“The Gaspé receives astronomical quantities of snow and powder. This is a real asset for the region. Our funding for the Chic-Chac project is exactly what CED wants to achieve in terms of supporting economic development in the region. And the project has also given Murdochville a new lease on life.”

- Marie-Claude Bourque, Regional Director of the Gaspésie–Îles-de-la-Madeleine Business Office

Wind in its . . . blades

A family is all geared up for snowboarding on a snowy trail at Mount Miller; a wind turbine is visible in the background

Mount Miller and the Murdochville wind farm in the Gaspé Peninsula
- Courtesy of Matthew Hunt

The wind corridors that the Gaspé is known for resulted in the first wind farm in Quebec being set up in Cap-Chat in 1998. Two years later, the TechnoCentre éolien (now known as Nergica) came into being. Recognizing the potential of wind power, the Gaspésie‒Îles-de-la-Madeleine Business Office was one of the first players to get involved in the creation of a college centre for technology transfer (CCTT) that would become a benchmark for renewable energy in Quebec.

The arrival of this new player would be a determining factor in the region. Nergica is helping to develop the supply chain for major clients, such as LM Wind Power, and to maximize the benefits for the region. Its role as an enabler has not only allowed the wind power sector to develop, but has also put the Gaspé on the map. The region now has the wind in its . . . blades!

The Magdalen Islands: CED is more involved than ever

Despite the lack of a physical office on the archipelago, CED still has a strong presence on the Magdalen Islands. Working closely with local players, such as the CFDC, the tourism association and other development organizations, CED is always on the lookout for ways to assist Islanders with their development projects and help them stay the course in their anchor sectors.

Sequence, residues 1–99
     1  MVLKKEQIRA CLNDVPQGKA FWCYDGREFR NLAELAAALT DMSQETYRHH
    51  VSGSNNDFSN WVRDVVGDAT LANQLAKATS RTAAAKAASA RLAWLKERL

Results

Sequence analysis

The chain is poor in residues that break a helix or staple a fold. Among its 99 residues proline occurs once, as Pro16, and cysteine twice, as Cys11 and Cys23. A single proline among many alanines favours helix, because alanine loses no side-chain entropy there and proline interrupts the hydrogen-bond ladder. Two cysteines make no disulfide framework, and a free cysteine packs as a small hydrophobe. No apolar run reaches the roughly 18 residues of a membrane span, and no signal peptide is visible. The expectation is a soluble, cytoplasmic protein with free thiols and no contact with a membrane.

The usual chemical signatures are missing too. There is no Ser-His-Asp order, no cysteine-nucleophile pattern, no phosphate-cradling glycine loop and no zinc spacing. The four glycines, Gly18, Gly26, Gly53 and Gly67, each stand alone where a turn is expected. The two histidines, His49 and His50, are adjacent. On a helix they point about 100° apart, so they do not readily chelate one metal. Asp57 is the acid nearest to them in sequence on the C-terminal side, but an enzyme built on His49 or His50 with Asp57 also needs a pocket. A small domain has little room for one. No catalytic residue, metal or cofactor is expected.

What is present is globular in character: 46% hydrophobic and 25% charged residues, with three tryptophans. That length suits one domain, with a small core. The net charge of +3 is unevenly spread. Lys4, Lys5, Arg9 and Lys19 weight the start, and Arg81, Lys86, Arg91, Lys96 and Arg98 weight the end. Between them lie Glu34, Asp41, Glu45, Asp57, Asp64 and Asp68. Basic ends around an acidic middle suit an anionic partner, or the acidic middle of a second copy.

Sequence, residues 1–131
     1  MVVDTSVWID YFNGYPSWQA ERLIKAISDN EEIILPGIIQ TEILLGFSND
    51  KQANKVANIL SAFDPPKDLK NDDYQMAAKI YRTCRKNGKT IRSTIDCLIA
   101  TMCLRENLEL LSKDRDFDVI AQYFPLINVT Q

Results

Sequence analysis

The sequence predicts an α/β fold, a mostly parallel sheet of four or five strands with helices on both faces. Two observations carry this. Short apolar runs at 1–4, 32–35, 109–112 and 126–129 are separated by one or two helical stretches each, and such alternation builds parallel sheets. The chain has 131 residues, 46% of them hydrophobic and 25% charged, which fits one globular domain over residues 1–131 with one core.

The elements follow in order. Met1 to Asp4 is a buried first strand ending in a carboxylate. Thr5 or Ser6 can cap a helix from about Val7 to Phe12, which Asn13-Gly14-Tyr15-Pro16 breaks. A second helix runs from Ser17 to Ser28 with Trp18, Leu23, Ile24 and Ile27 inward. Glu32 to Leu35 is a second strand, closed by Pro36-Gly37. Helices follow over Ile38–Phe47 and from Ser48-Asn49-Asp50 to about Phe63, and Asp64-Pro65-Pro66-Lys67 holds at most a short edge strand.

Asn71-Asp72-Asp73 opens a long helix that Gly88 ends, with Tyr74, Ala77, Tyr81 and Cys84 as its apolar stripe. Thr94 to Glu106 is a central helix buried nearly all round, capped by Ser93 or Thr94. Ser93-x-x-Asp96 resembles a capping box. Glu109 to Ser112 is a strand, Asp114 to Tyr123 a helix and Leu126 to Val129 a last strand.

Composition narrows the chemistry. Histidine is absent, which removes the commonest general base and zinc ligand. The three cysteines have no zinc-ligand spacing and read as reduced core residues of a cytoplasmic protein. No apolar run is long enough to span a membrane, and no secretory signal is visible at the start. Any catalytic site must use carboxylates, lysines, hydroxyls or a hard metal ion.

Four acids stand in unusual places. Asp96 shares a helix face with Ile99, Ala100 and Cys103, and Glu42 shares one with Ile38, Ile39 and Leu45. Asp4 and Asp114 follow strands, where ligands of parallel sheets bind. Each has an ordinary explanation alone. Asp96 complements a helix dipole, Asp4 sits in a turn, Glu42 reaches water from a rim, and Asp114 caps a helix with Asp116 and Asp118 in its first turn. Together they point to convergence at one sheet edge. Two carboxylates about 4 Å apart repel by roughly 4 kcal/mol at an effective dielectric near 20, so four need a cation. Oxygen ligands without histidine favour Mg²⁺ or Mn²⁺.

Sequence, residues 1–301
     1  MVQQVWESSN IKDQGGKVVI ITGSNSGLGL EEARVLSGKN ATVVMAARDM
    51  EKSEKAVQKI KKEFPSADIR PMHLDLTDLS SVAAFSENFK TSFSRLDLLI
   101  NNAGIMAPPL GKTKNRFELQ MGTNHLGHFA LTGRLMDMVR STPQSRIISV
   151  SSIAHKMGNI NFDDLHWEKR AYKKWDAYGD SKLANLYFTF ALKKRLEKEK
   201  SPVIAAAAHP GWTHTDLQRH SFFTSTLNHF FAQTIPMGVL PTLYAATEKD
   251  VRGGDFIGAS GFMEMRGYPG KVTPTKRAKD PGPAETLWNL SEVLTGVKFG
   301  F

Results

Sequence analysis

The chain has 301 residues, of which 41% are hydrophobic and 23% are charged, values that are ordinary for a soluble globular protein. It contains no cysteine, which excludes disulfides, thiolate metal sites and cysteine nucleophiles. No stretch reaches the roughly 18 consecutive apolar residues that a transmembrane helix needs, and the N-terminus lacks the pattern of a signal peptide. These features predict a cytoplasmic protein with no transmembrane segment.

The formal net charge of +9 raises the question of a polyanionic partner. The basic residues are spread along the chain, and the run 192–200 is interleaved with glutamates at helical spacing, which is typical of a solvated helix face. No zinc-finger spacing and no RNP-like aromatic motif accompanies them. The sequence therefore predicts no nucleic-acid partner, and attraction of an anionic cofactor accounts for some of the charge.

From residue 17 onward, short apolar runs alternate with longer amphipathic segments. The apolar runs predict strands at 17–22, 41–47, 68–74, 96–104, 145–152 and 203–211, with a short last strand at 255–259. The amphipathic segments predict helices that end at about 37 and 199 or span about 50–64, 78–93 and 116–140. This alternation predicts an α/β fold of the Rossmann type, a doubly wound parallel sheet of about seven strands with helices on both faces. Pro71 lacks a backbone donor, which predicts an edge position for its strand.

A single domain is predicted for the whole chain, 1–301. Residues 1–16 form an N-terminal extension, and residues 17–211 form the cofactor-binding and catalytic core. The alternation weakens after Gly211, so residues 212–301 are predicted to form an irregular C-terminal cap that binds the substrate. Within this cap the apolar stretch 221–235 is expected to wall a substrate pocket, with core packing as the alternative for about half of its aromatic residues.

COVID-19 has had a significant impact on the Magdalen Islands’ fishing industry. Through initiatives such as the Canada Seafood Stabilization Fund, CED has been able to help businesses such as the Coopérative des Pêcheurs de Cap Dauphin and Homard des Îles increase their storage capacity. With their new acquisitions, these businesses can now extend their processing periods in the event of market instability.

A wind of change

An aerial view of the town of Percé and the Rocher Percé taken from the paths leading to the suspended platform of the Géoparc mondial UNESCO

The trails of the Percé Géoparc mondial UNESCO attract many tourists.
- Courtesy of Matthew Hunt

Today, the Gaspésie–Îles-de-la-Madeleine Business Office team is actively pursuing the work that began more than 20 years ago. The team is already addressing issues such as the labour shortage and population aging. “It is encouraging to see that the efforts of the past are now bearing fruit,” notes Marie-Claude Bourque. “The region is experiencing positive regional migration growth. Social media is shining a new and positive light on the region. It’s now cool to live in the Gaspé or on the Magdalen Islands, where you can enjoy a happy hour by the sea while starting up a business project. There’s been a change in mentality—both towards the region and within the region itself. Entrepreneurs now want to be open year-round. A real wind of change is blowing over the region.”